Tribes have high hopes as Haaland confirmation hearing nears
Added 02-20-21 12:22:02pm EST - “Deb Haaland stood with fellow tribal members protesting an oil pipeline outside a reservation in North Dakota, advocated for protecting cultural landmarks in her home state of New Mexico and pointedly told government witnesses in…” - Washingtontimes.com
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FLAGSTAFF, Ariz. (AP) - Deb Haaland stood with fellow tribal members protesting an oil pipeline outside a reservation in North Dakota, advocated for protecting cultural landmarks in her home state of New Mexico and pointedly told government witnesses in a hearing about blasting sacred Native American sites near the U.S.-Mexico border: “I don’t know how you can sleep at night.”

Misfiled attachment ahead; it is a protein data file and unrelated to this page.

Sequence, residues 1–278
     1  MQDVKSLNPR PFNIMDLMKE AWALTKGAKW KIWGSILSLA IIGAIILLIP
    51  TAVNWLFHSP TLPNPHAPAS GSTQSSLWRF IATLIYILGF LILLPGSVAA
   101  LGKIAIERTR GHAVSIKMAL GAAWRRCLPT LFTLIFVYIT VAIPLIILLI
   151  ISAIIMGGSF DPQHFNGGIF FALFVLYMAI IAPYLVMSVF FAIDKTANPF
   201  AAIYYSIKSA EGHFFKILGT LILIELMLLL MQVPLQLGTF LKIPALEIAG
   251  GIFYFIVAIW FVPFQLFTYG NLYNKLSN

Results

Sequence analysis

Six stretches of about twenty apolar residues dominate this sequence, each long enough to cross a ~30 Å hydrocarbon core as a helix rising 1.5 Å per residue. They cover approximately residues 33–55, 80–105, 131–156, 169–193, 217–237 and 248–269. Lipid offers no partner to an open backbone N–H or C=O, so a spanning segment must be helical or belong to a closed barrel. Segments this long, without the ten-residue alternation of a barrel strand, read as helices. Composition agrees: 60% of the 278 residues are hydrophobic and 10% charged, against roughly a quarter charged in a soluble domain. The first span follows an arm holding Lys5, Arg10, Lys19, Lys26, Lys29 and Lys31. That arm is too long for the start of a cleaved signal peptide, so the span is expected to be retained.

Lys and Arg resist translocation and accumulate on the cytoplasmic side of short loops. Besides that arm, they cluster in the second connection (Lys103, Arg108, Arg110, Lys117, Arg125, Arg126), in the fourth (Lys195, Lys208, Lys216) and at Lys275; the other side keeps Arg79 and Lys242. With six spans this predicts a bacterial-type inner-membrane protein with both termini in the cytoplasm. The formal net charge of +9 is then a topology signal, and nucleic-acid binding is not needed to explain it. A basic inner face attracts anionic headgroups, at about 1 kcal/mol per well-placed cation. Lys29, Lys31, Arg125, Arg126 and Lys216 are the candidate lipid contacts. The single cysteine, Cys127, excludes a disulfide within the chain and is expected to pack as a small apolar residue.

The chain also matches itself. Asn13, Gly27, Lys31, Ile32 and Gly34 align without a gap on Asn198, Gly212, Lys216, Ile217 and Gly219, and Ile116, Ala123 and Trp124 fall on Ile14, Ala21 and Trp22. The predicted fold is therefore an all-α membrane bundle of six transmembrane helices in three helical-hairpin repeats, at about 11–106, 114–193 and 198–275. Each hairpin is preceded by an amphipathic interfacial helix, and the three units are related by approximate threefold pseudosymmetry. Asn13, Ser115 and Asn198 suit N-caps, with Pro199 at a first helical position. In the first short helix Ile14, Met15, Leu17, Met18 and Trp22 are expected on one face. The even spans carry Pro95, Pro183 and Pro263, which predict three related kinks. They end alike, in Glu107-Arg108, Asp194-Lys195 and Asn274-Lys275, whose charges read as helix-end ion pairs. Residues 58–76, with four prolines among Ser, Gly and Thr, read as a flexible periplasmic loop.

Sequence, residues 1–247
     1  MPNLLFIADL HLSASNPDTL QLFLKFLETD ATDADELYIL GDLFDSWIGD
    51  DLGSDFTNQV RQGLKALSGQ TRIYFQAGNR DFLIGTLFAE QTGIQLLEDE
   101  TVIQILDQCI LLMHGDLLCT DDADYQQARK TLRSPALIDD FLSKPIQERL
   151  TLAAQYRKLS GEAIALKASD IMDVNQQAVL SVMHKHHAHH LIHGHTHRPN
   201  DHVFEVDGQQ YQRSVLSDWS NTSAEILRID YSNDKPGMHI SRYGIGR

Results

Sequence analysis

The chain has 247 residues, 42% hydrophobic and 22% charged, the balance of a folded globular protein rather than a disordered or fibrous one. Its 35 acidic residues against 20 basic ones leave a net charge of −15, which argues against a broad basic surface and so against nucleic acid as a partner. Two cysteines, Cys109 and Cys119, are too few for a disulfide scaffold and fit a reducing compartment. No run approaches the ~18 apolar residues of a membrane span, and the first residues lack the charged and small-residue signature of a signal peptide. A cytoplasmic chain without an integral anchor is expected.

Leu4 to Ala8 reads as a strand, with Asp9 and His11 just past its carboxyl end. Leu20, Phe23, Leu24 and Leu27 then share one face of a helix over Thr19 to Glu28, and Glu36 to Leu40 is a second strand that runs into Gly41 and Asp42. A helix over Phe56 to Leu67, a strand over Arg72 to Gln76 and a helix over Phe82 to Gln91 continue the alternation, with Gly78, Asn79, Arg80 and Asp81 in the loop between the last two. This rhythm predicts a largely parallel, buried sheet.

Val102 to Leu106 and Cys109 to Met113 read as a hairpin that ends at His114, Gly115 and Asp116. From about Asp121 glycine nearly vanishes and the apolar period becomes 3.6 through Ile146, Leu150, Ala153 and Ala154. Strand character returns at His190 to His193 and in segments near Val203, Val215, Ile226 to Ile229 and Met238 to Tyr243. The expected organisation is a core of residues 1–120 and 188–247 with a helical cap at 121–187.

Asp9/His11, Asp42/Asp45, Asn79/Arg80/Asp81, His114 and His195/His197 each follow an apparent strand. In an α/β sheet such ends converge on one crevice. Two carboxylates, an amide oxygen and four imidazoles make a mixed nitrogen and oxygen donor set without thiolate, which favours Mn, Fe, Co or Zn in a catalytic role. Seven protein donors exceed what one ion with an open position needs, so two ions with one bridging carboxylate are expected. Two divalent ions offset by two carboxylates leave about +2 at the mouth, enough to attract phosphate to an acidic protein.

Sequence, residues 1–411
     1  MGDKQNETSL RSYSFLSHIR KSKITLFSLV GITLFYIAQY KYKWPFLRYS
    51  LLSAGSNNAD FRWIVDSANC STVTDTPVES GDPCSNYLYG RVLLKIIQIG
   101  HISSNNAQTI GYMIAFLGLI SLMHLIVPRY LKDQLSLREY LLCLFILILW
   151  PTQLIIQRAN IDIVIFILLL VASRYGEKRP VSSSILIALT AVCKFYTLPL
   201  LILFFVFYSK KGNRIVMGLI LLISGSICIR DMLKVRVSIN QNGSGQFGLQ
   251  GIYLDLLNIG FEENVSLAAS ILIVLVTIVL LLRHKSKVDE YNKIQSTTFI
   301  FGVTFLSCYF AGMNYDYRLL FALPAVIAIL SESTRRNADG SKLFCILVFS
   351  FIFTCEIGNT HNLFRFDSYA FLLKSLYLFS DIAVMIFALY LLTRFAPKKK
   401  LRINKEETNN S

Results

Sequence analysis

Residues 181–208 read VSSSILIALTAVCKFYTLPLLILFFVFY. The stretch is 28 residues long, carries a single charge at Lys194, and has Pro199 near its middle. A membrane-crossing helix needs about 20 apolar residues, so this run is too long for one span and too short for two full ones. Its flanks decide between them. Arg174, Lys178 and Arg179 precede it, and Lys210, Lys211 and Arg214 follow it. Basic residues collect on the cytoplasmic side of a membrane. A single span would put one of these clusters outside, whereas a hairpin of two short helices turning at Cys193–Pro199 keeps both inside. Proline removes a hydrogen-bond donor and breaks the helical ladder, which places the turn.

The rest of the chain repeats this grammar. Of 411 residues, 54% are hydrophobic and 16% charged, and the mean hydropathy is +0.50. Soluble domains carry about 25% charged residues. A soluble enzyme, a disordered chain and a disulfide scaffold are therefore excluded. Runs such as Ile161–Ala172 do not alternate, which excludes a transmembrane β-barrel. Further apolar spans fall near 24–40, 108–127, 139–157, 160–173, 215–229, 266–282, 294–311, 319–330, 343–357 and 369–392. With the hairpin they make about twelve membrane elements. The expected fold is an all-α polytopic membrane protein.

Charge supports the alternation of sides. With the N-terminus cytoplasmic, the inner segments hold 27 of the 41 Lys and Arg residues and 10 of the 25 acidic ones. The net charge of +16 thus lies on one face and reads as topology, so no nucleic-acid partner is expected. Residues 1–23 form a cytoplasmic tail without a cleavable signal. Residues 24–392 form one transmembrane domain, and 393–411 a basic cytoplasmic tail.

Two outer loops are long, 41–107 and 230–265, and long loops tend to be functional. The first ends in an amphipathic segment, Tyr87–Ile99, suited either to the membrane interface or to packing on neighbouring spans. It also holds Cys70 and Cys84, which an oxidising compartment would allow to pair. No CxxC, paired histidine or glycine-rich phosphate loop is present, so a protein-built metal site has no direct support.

Native Americans have reason to believe the two-term U.S. congresswoman will push forward on long-simmering issues in Indian Country if she’s confirmed as secretary of the Interior Department, which has broad oversight of tribal affairs and energy development. Unlike most people who have held the job, she won’t need to be schooled on the history of Native Americans or tribal sovereignty. She already knows.
The Laguna Pueblo woman often draws on her own experience as a single mother and the teachings of her ancestors as a reminder that action the U.S. takes today on climate change, the environment and sacred sites will impact generations to come.
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Haaland, 60, would be the first Native American to lead a Cabinet agency. A confirmation hearing is scheduled Tuesday. And while her support of the Green New Deal has put her in the crosshairs of some Republicans, Haaland is expected to have enough votes to secure the post.
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